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Exp Clin Endocrinol Diabetes. 2012 Apr;120(4):248-51. doi: 10.1055/s-0031-1285833. Epub 2011 Sep 15.

Platelet mitochondrial dysfunction is evident in type 2 diabetes in association with modifications of mitochondrial anti-oxidant stress proteins.

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Center for Molecular Medicine, NHLBI, NIH, Bethesda, MD, USA.



Mitochondrial dysfunction and oxidative stress in insulin responsive tissues is implicated in the pathogenesis of type 2 diabetes. Whether these perturbations extend to other tissues and contribute to their pathophysiology is less well established. The objective of this study was to investigate platelet mitochondria to evaluate whether type 2 diabetes associated mitochondrial dysfunction is evident in circulating cells.


A pilot study of mitochondrial respiratory function and proteomic changes comparing platelets extracted from insulin sensitive (n=8) and type 2 diabetic subjects (n=7).


In-situ platelet mitochondria show diminished oxygen consumption and lower oxygen-dependent ATP synthesis in diabetic vs. control subjects. Mass spectrometric identification and confirmatory immunoblot analysis identifies induction of the mitochondrial anti-oxidant enzymes superoxide dismutase 2 and thioredoxin-dependent peroxide reductase 3 in platelets of diabetic subjects. As oxidative stress upregulates anti-oxidant enzymes we assessed mitochondrial protein carbonylation as an index of oxidative-stress. Platelets of diabetic subjects exhibit significantly increased protein carbonylation compared to controls.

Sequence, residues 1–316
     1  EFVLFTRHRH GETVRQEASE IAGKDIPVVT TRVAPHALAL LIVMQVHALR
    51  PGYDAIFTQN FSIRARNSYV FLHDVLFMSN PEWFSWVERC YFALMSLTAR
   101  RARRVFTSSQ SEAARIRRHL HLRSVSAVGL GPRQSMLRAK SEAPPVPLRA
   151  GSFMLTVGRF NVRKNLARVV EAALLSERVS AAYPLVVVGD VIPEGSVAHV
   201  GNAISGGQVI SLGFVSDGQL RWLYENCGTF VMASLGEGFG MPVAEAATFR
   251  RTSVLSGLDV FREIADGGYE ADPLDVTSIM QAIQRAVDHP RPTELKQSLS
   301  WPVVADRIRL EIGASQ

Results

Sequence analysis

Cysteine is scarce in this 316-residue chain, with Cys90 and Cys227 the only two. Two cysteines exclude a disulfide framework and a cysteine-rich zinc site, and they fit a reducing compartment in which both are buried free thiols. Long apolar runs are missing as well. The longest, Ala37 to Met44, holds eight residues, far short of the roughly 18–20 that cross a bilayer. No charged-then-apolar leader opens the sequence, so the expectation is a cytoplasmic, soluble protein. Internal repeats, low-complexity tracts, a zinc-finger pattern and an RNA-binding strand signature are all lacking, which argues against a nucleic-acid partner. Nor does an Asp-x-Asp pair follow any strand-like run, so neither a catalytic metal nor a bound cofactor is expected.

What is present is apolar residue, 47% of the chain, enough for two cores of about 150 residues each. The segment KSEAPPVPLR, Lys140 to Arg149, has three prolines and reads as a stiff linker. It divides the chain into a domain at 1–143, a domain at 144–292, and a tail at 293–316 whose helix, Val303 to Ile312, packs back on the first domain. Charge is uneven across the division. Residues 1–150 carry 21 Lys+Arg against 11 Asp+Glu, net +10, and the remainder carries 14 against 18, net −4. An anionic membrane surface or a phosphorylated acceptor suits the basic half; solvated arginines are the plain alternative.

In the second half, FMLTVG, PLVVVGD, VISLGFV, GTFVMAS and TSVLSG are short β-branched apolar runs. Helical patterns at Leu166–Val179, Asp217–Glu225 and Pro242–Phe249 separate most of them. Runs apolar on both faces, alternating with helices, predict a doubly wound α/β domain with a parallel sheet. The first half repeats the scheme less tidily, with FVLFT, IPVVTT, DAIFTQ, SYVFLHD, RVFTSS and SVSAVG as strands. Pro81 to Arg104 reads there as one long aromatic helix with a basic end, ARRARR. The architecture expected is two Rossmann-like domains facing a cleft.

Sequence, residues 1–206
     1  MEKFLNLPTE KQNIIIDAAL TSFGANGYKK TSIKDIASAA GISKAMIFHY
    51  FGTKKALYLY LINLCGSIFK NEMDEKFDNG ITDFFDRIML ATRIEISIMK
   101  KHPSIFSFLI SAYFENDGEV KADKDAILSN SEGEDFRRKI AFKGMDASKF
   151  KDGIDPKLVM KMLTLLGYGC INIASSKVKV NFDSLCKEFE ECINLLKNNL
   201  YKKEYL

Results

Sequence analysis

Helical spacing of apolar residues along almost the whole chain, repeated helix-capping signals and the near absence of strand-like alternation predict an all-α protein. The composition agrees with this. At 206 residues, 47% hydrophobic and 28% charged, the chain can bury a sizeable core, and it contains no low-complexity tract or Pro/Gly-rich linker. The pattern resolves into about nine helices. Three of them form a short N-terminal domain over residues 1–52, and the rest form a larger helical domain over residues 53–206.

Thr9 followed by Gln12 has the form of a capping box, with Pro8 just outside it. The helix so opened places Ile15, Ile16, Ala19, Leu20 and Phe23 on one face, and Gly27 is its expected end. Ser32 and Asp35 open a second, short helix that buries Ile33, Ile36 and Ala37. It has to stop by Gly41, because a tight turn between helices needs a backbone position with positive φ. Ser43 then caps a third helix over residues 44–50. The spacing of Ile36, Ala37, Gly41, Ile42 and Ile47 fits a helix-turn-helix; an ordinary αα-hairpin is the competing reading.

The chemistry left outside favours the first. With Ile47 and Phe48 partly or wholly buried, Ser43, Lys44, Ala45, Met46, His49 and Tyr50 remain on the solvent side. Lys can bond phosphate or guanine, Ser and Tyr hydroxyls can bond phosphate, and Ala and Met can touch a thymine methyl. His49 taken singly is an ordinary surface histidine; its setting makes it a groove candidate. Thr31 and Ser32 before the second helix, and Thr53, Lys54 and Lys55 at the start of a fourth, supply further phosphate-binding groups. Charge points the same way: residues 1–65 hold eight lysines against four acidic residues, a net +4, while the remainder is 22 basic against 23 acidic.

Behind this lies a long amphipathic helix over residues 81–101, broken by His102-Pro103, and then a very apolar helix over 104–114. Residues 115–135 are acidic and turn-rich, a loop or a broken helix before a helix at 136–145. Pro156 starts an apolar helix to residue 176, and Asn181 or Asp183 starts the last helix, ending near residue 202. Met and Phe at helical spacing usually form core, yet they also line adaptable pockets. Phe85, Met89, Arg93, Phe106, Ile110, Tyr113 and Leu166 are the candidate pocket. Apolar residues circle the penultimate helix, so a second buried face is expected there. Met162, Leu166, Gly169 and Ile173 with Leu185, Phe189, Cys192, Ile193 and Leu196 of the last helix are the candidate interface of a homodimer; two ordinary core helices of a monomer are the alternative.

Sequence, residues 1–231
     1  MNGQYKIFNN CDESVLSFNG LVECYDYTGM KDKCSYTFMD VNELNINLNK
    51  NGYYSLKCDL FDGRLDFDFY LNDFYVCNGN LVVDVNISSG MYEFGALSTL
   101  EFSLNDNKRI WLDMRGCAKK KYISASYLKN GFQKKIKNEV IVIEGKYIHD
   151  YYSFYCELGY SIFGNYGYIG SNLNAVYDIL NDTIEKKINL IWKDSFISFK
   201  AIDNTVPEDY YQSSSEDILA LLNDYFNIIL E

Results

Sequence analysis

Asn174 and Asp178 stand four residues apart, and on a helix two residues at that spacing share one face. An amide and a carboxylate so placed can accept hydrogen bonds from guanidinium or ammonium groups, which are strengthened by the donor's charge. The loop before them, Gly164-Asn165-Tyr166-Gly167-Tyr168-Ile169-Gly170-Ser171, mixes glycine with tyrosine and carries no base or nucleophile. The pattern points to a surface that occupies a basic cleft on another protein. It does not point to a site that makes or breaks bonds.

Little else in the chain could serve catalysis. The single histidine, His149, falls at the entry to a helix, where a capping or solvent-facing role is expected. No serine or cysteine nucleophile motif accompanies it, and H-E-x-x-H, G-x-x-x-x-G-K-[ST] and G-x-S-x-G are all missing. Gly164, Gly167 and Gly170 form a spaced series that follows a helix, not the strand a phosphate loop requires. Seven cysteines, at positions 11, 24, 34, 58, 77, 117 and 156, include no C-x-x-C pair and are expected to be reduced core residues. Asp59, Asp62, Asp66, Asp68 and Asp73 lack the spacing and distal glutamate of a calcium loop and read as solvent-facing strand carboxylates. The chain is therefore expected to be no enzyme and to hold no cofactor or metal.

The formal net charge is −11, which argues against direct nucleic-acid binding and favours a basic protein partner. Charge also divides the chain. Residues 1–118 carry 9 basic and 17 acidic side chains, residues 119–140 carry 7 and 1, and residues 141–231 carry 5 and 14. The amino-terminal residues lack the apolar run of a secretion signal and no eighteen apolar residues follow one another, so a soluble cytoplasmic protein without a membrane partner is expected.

As platelets are anuclear fragments of megakaryocytes, our data suggest that the bone marrow compartment in type 2 diabetic subjects is exposed to increased mitochondrial oxidative stress with upregulation of nuclear-encoded antioxidant mitochondrial enzymes. This 'stress-signature' in platelets of diabetic subjects is associated with a diminution of their mitochondrial contribution to energy production and support that mitochondrial perturbations in type 2 diabetes extends beyond the classical insulin responsive tissues. Platelets, as "accessible human tissue", may be useful to measure the mitochondrial modulatory effects of emerging anti-diabetic therapeutics.

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